Over the years, one thing that has never changed and I imagine never will for startups undertaking B2B sales is quantifying your sales messaging and value proposition. This is incredibly hard and is one of the things that makes sales at this stage very difficult. It is also one of the reasons many organizations work with outsourced sales organizations in the early days since it is more cost effective while figuring all of this out.
As we all know sales efforts at the B2B sales level, and lets be more specific, at the enterprise B2B level, take between 6 to 18 months. If anyone tells you different don’t believe them. As a startup too, given the nature of your business, large companies are not going to throw all their eggs into one basket all at once. Rather, they will take small bites first to ensure your product works, you can support it and it does what you say it does. Part of the reason for this is that at this point, you are unable to truly articulate your value proposition particularly from a quantitative perspective. When I say this, I mean ROI (return on investment) or even simpler metrics like payback, or cost savings or revenue growth.
It is not a problem but the reality is you simply don’t have enough clients to prove these numbers. Getting qualitative messaging together is super, but that is easy. Anyone can whip off messaging about “making you more efficient” or “helping your employees work faster” or “making it easier for your customers to interact with you.” I think you get my meaning here. What really sells at the senior level and how your internal champion call sell it to their boss is the quantitative benefits they will see by deploying your product. This sells!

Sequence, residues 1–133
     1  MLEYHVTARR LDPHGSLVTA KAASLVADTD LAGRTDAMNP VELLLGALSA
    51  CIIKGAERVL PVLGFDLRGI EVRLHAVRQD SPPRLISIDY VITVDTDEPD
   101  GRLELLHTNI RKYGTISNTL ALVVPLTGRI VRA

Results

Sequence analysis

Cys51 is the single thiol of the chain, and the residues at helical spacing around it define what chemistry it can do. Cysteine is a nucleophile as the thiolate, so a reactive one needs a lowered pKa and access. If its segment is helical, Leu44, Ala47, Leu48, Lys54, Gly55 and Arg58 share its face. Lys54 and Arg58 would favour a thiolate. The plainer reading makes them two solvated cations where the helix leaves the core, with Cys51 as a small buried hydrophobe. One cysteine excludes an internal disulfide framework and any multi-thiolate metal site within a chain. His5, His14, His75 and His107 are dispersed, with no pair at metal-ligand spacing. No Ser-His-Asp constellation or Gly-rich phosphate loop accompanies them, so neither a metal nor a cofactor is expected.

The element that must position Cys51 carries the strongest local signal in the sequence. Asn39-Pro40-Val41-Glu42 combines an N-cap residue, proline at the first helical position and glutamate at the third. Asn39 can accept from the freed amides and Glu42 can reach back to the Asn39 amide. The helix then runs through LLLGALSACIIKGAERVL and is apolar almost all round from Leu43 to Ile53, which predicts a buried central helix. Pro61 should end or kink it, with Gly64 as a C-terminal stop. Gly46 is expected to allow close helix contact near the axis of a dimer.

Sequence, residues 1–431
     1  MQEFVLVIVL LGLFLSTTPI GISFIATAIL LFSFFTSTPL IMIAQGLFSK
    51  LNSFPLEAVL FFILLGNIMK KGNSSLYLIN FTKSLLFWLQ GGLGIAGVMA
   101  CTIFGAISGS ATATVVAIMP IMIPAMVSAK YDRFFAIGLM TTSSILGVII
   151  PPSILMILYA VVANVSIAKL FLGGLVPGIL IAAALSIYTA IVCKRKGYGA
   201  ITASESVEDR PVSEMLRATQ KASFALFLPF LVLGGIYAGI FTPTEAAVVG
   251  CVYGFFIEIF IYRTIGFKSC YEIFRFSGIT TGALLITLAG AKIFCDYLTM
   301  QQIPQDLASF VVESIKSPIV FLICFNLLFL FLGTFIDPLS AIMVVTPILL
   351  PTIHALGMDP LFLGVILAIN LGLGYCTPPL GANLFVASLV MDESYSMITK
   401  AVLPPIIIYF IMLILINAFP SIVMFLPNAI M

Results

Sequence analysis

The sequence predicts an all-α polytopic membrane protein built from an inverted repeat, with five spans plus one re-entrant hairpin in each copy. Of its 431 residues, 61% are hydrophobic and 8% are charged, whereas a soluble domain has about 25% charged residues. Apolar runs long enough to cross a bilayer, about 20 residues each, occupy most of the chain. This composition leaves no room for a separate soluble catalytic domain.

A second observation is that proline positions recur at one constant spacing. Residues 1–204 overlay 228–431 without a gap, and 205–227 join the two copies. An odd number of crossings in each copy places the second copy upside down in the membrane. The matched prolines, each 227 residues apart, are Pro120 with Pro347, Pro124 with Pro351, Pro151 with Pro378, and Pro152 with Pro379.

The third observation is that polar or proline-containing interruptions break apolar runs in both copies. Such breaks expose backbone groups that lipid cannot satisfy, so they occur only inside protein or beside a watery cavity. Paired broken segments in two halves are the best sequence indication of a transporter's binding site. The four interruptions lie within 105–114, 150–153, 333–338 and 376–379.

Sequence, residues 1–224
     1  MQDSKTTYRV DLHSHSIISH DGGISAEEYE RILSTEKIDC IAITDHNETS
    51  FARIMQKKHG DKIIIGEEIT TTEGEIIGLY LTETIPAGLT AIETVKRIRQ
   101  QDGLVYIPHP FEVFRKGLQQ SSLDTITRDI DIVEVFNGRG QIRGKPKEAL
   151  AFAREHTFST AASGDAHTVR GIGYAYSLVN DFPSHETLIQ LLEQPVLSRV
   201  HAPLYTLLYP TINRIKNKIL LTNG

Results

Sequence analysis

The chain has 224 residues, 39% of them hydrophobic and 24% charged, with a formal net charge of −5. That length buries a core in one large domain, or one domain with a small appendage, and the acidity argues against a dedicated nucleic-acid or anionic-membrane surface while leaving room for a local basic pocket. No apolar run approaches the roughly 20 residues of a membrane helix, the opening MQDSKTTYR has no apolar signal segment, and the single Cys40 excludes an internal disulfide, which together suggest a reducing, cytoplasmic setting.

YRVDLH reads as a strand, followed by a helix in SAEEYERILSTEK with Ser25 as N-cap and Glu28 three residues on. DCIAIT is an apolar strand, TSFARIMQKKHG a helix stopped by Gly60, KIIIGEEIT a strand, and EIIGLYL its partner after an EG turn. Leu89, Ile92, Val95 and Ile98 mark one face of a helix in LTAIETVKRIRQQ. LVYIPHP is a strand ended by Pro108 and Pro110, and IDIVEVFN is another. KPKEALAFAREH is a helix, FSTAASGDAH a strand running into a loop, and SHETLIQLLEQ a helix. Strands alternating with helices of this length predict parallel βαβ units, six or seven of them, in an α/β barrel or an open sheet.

So, the trick is how do you get there. Well, it is not easy that is for sure. You may get lucky and get a company that is willing to pay whatever your ask them for your product and just try it. LOL, if that happens please call me, we have a lot of other clients that have products we can sell them too. Oftentimes that is not the case and you need to provide some form of incentive for them to give you a shot. So here are a few ideas you could try to get this quantitative sales data:
- Rolling out a low cost pilot – this is a great one as you win by having a real customer to work with and they win as the price would be lower than normal. There is also upside potential here over time as you can hopefully grow the installation.
- A trial for a number of months at no cost with the intention to buy – investors may say the customer needs to pay but I would say you need to take a longer approach and invest in yourself if you truly believe in the value of your product. It is not like you are providing it for free forever. You are simply lowering a barrier of entry by making it easier for the customer to give you a shot. I think the expectation needs to be set with the customer that they would pay if successful.
- A small deployment at no cost to drive proof of concept and a case study – another option similar to the bullet above is to do a small deployment at no cost but your payment is a solid reference and case study. Nothing sells better in B2B startup sales than reference customers and case studies. You need positive stories. Get one.
For a startup to be successful you need to be in it for the long haul, so be patient, methodical and strategic.
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